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The test of courage comes when we are in the minority. The test of tolerance comes when we are in the majority. ~Ralph W. Sockman
Imagine an alien planet with various races. The data droid race happens to be a majority race. And the empaths are a minority.
The data droid race requires all empaths to take classes in database management, quantum theory analysis, and basic addition and subtraction.
Empaths wonder, however, why the data droids don’t have to learn anything about feels, emotional intelligence, and compassionate service.
Over the years, fortunately, some data droid scientists start to uncover the value of what empaths offer to society.
And they start to educate the highest government officials on the importance of learning about and valuing empaths as an equal, yet different race.
Across the world, for many years, educators have taught to “neurotypicals.” Neurotypicals make up a majority of the human race. But they didn’t realize how many children with autism live among us. According to the CDC, 1 in every 88 children has autism spectrum disorder (ASD), and 1 out of every 54 boys has ASD.
Melissa K. Burkhardt, a Preschool Early Intervention Teacher of 18 years, and reading specialist and certified Basic Developmental Individual-difference Relationship-based Floortime Provider, saw a growing need in society to help neurotypical children and adults to gain understanding about autism, as well as to assist both regular and special education teachers in meeting the needs of increasing numbers of children with autism now being placed in their classes.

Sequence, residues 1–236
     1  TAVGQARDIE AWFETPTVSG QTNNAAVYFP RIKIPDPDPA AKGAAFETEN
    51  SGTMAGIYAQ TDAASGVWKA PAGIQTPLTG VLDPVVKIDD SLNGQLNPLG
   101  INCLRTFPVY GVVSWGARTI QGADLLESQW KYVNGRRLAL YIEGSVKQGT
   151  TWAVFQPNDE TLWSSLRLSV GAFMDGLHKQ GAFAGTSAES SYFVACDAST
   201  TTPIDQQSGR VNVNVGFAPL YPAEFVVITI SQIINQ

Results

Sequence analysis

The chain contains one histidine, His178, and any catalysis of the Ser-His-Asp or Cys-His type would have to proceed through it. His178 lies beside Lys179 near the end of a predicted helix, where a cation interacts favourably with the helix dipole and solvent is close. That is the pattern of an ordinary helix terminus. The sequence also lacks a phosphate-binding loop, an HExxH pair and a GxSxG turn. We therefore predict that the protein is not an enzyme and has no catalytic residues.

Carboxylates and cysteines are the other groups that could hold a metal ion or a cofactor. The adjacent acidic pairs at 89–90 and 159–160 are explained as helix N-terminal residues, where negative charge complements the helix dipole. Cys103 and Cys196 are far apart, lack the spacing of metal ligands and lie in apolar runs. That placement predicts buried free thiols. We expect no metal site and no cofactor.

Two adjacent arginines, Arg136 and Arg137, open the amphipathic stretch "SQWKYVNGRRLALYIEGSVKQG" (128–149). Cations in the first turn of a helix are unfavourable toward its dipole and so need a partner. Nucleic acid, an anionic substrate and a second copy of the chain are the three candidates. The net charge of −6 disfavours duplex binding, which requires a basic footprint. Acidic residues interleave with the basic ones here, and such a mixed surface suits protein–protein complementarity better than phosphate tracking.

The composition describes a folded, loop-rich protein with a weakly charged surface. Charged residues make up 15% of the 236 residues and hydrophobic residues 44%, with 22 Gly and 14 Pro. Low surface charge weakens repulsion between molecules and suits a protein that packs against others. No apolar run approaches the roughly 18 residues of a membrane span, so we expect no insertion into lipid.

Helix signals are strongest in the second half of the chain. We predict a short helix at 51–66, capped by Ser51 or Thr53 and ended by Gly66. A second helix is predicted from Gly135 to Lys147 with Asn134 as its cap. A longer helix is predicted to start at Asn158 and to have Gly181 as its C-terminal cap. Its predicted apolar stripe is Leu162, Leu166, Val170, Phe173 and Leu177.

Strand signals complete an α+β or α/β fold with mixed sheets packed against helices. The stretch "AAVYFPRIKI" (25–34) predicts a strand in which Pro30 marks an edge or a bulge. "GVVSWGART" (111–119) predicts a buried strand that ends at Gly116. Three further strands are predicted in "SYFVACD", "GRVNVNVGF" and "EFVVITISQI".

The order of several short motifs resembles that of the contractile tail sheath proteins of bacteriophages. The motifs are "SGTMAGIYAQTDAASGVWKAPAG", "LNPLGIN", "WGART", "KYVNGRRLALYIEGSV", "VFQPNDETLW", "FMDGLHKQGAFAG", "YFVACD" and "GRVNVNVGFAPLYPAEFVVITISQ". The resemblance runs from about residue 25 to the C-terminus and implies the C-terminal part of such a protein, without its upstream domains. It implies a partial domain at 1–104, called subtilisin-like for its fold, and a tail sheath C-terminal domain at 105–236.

Recently, I got to read her book, Exceptionally Good Friends: Building Relationships with Autism.
Here’s a quote from one of her readers:
I absolutely love this book!!! I must admit it made me cry a little. I wish all kids were as sensitive to the needs of others…all kids should read this book.” -Ashley B., parent of a child with autism
Ms. Burkhardt introduces her readers to Clay, a boy with autism, and Ruthie, a neurotypical classmate.
One side of the book is Ruthie’s story, where she tells about her experiences with Clay. She educates the readers about the unique characteristics of the autism spectrum as she talks about Clay with compassion and acceptance.
Flip the book over and upside down, and Clay tells about his experience about coming to class for the first time.
His story helps neurotypicals understand stimming, sensory challenges, and visual schedules. Most important, his friendship with Julie shows readers that children with autism desire relationships just as much as any other child.
If you are a parent, teacher, or therapist, Ms. Burkhardt’s book will help you more effectively understand and communicate with people on the autism spectrum, even if they are teenagers and adults!
Ms. Burkhart has compiled an extensive resource list of websites and resources on autism.
These websites and resources cover visual social cue cards; sensory processing information and exercises; social stories; and apps that can help children with autism.
I hope you enjoyed this book review. To find out more about Melissa K. Burkhardt, M.S. Ed., visit her site at http://www.ExceptionallyGoodFriends.com.
Also, I’d love to hear your thoughts about advocating for children with autism, how to best educate and assist them, and other books and resources you’ve found helpful.
Image credit: dmbaker / 123RF Stock Photo
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